In fact, many birth professionals and forward-thinking medical professionals agree that there’s a direct relationship between having a relaxed state for your mouth and jaw, to the ability of your pelvis to relax.
During labour, your cervix gradually opens as your baby’s head pushes onto it, and in order for this process to happen smoothly, the pelvis also needs to be able to ‘open’ as much as possible. You could even say the connection between a relaxed jaw and having a relaxed pelvis also helps with the opening of the cervix.
It’s a good idea to practice relaxing your muscles ahead of labour. To do this at home, simply lie on your back – supported by cushions, or sit upright in a chair with your legs uncrossed. Keep your feet flat on the floor and draw your attention to your breathing. Each time you breathe out, focus on releasing of all of your muscles, one by one. In particular let your jaw fall gently away – don’t clench your teeth and just allow your jaw to hang.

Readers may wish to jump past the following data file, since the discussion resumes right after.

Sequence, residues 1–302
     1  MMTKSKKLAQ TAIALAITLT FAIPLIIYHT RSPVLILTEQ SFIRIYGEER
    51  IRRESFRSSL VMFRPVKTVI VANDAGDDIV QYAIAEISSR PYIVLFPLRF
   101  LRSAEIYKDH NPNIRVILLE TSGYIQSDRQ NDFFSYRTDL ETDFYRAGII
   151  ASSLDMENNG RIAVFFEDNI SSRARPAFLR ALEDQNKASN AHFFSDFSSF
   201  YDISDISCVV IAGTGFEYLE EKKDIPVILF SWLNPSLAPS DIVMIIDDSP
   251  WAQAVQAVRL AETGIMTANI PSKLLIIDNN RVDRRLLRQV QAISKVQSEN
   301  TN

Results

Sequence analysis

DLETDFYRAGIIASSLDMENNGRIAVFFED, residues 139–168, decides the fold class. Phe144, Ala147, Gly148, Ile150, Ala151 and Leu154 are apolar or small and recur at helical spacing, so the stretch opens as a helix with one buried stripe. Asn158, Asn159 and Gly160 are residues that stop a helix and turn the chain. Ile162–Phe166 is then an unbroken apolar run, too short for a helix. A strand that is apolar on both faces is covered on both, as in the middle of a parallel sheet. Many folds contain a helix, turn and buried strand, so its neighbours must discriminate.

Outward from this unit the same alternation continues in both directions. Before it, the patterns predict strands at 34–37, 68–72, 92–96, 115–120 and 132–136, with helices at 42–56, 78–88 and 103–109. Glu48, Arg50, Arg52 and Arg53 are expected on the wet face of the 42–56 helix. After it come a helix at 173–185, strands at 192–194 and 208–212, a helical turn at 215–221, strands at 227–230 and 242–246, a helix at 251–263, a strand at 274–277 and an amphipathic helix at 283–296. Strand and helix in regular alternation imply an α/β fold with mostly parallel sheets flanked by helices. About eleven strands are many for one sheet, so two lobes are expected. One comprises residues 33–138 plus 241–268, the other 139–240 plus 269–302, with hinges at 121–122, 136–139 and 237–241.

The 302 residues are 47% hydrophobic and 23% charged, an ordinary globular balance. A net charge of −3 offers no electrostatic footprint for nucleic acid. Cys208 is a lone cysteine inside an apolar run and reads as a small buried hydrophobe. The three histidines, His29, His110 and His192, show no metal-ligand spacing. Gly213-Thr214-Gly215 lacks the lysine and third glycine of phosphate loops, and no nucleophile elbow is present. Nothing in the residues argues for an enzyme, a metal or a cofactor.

Throughout your pregnancy, pay attention to the moments in the day when your jaw starts to tense up. Whenever you notice this, take a moment to breathe in through your nose and out through your mouth,§ consciously relaxing your jaw as you breathe out. You may even want to sigh as you do. Becoming more mindful of the tension in your jaw in your daily life, will make it more natural for you to think about it during labour.